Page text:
Domain Indexing: How Does It Happen?
It might seem like a no-brainer question. If you want to get your domain indexed all you have to do is put some content on it, right? But it’s not always as easy as that, especially with all the changes Google’s been making lately to WordPress SEO.
First, why would someone even be concerned about getting a domain indexed? If you have a domain chances are you’re building a website or blog. And as soon as you start putting content on it it’s going to get picked up by the search engines. Once that happens, you’re indexed.
However, what if you haven’t started building that blog or website yet? You could just let that domain name sit there in your registrar account. But it just makes more sense to actually do something with it, maybe make a little money or, at the very least, do something that makes that asset more valuable.
Many webmasters have dozens of domain names – some have hundreds. Some of them never even get used. But instead of just letting them sit there and gather dust they park them somewhere and try to pick up some ad revenue. In order to do that, you need search traffic, which means that domain name needs to be indexed.
The bonus is, if you get that domain indexed, the longer it sits there the more valuable it becomes, even if you never build anything on it. Eventually, when you do build that blog, all of your content will index faster and possibly even rank higher because you’re building it on an aged domain.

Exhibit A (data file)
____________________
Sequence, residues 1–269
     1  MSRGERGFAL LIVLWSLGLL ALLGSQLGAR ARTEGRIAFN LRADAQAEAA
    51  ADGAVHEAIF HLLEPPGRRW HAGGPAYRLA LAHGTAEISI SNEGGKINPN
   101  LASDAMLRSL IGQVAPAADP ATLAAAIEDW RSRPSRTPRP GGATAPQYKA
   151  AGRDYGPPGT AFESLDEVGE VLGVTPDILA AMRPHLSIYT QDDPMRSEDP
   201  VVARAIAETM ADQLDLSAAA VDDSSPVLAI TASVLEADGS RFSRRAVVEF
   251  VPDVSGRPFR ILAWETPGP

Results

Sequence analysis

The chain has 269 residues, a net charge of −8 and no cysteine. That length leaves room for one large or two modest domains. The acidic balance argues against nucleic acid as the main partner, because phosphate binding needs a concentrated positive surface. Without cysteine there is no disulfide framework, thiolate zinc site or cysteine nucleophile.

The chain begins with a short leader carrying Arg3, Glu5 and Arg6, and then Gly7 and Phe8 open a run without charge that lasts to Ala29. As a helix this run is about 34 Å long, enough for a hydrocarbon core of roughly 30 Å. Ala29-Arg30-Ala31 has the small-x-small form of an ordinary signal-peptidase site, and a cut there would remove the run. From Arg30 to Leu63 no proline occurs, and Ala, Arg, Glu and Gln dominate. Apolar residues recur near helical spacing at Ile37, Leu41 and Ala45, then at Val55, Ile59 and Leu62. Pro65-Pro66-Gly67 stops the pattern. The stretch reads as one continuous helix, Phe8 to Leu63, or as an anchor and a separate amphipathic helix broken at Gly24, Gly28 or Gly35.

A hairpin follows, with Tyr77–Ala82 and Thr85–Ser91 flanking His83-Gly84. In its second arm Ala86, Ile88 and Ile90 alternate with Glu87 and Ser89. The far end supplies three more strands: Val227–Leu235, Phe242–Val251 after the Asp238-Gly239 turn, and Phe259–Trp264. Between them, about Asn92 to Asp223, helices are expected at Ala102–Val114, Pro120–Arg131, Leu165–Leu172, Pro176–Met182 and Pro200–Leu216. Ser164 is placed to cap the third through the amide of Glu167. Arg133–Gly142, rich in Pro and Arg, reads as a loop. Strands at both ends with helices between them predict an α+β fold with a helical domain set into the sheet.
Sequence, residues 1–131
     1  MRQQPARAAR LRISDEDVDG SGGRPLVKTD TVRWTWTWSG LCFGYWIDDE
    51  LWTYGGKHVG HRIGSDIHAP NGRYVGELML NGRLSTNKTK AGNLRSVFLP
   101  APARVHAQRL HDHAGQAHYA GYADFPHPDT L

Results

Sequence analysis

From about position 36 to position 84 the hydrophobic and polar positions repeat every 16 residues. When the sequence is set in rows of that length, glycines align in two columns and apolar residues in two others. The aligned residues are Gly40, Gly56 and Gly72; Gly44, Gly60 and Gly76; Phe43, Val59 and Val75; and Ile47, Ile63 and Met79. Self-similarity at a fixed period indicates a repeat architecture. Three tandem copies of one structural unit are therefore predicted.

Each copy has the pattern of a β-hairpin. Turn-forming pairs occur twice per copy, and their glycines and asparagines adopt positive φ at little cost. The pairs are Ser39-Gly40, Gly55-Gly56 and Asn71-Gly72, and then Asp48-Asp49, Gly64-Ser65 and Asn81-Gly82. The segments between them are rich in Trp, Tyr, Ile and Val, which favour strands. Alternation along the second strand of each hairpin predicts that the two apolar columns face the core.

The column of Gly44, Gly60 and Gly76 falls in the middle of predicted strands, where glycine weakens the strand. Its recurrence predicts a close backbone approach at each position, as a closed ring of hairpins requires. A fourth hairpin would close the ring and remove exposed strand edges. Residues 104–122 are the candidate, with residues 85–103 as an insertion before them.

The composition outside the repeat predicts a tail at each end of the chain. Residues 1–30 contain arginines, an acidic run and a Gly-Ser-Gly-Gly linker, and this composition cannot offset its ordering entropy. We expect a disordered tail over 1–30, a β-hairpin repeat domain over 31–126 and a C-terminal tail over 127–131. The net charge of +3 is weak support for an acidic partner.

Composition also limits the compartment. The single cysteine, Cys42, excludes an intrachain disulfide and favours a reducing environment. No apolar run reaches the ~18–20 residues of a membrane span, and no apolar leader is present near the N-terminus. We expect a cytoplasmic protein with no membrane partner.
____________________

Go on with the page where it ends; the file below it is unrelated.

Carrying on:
And if you never build a blog or website that domain is still more valuable if you decide to sell it to someone else. It’s been sitting there, on the search engine index, aging like a fine wine.
Now, how do you get that domain name indexed? Simple. You just add content. In the past you could get away with just putting up an “Under Construction” sign and be done with it. But, like I said, Google’s made so many changes over the last year or so you’re safer if you actually put some real content on there.
Set up a quick blog or website. Outsource five or ten articles, fill in with a couple of RSS feeds, and include an About and Contact page. An experienced blogger can set up a site like this in an afternoon – even if they’re writing all the content themselves.
Next, build a few backlinks – not a lot because you’re not really worried about traffic and rankings, you just want to get the site indexed. As soon as a search engine crawler notices your content on the web it’s added to the index. All it really takes is one link from another site that’s indexed – and that’s just about every site on the Internet. Add a link to a comment or link out from one of your own blogs or put a link in an article or two and you’re done.
Now, not only will the domain name be indexed and aged if you should decide to sell it, you’ll also already have some targeted traffic coming in, making that domain name even more valuable.
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